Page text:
About our Blog

Hello, hujambo and sawubona! It’s great to have you here. If you're as wild about African travel as we are, you’ve come to the right place. Our writers travel all over this captivating continent to bring back the best travel stories, advice and guides. So settle in and enjoy the journey.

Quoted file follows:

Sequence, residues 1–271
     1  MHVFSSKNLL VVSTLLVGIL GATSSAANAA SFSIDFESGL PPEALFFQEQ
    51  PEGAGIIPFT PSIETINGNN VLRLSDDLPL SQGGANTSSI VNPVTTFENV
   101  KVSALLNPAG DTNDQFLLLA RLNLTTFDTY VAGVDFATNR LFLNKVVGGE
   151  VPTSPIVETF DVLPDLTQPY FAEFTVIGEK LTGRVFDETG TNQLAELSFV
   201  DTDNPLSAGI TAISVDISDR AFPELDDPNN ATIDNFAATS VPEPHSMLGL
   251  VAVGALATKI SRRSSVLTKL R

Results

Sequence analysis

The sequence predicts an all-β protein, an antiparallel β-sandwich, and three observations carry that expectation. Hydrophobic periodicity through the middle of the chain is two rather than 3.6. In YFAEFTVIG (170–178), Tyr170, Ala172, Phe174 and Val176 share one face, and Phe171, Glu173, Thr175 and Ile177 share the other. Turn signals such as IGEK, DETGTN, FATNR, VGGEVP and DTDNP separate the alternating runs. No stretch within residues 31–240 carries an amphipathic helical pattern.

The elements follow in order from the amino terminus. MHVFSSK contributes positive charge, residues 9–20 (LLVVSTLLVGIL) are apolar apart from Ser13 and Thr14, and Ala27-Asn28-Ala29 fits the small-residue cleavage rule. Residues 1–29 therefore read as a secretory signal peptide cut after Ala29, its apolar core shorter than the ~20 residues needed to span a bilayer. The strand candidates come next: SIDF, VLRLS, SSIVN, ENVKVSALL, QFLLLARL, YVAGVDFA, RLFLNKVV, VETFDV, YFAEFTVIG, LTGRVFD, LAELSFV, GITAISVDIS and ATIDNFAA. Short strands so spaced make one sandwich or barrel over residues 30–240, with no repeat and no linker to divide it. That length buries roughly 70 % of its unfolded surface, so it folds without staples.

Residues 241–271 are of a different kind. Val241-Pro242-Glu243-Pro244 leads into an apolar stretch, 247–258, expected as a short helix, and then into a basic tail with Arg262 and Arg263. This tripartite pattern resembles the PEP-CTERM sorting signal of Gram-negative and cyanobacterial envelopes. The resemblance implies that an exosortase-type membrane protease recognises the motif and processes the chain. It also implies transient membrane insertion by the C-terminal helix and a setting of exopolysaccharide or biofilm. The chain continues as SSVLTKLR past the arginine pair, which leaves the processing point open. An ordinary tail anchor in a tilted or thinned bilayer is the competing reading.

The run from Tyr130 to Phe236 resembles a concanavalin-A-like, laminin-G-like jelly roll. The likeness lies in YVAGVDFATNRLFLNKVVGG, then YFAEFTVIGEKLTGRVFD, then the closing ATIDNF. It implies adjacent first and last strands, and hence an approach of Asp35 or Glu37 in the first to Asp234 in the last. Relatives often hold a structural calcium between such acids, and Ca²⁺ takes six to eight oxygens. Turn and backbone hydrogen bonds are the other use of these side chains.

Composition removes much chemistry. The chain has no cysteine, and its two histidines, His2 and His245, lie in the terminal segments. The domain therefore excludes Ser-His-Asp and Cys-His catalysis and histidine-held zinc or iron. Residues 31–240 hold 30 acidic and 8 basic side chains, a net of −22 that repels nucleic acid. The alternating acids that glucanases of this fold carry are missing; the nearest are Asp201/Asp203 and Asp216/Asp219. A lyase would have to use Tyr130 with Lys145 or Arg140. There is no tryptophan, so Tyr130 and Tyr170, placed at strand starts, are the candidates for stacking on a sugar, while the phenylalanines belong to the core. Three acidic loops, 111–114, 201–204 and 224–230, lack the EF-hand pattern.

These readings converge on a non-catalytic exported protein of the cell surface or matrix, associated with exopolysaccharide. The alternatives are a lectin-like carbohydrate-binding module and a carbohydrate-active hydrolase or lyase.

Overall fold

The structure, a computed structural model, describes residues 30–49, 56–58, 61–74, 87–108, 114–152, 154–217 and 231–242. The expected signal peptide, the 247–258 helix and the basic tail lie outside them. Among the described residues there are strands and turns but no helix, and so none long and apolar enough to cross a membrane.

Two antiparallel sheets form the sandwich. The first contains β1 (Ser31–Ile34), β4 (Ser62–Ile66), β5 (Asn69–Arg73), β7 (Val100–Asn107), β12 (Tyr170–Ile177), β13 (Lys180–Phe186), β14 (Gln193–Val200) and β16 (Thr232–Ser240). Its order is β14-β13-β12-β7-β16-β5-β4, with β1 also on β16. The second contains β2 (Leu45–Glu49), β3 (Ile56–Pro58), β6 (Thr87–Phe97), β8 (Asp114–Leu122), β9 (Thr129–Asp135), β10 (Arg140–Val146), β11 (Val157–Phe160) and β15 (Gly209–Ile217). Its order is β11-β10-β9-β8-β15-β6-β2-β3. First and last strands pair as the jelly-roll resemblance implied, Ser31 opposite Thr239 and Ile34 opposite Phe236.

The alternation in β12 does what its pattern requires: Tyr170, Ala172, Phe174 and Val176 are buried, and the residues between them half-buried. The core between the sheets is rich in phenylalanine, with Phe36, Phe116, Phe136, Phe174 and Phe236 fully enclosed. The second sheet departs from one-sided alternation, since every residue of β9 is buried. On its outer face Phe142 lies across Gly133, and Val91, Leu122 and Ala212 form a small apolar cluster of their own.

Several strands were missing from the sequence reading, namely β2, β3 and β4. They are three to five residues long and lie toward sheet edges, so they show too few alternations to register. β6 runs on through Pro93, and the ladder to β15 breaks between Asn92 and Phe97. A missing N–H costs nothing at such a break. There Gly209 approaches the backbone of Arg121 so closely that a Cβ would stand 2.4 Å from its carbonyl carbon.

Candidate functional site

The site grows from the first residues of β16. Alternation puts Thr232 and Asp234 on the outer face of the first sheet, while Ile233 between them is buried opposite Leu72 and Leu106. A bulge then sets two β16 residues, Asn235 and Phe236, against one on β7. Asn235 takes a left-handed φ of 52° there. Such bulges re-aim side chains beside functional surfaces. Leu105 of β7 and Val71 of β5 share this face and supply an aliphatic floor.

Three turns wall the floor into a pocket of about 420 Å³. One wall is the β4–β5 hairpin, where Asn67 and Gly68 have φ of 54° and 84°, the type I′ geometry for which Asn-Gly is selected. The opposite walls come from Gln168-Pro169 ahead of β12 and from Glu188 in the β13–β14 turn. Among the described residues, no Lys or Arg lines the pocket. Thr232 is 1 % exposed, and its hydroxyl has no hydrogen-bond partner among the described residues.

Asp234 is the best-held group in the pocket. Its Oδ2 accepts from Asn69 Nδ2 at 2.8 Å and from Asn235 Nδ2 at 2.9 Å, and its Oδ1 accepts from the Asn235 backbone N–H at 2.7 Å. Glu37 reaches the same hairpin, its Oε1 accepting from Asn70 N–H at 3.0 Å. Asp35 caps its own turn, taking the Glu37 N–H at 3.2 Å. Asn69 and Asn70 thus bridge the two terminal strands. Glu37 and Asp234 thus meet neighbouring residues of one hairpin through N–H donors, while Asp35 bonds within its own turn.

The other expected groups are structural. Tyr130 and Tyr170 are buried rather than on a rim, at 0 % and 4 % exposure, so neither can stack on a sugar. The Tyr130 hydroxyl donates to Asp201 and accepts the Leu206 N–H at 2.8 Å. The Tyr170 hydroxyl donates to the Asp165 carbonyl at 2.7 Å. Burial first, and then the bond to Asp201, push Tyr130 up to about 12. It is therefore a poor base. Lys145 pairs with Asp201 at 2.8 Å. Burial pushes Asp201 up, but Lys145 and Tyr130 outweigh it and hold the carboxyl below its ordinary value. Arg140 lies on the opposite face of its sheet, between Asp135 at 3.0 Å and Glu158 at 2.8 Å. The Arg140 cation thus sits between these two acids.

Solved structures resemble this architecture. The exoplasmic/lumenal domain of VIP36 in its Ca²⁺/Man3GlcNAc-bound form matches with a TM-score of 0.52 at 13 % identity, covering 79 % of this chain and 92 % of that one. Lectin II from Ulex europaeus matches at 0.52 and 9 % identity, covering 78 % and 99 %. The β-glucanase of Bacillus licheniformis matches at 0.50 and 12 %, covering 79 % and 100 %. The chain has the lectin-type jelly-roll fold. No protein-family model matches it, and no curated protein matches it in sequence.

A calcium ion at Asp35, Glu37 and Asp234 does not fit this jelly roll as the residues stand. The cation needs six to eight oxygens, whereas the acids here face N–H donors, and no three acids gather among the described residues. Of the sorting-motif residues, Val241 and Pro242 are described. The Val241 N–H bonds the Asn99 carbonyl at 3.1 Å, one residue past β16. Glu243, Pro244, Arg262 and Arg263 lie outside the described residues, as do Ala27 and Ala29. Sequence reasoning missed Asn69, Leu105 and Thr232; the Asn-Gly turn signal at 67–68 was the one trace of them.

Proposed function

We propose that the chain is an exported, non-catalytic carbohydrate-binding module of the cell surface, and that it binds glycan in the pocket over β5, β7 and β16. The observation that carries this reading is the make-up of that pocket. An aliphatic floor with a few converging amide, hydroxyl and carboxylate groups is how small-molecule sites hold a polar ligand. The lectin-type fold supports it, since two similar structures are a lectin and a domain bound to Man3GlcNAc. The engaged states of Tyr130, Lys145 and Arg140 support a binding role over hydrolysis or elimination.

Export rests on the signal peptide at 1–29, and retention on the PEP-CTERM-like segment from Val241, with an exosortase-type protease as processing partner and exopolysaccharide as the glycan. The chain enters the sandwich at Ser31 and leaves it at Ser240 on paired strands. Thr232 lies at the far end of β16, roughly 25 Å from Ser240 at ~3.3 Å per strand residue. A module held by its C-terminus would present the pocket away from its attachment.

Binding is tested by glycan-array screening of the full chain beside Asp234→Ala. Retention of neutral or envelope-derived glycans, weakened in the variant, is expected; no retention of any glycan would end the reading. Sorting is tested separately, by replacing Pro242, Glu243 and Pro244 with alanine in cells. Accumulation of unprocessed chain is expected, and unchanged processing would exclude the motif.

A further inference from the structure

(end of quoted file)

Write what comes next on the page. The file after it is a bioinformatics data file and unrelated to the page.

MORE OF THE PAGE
Africa awaits!








Latest Posts

  • 15 Things You Didn’t Know About Table Mountain

    By Guest Blogger |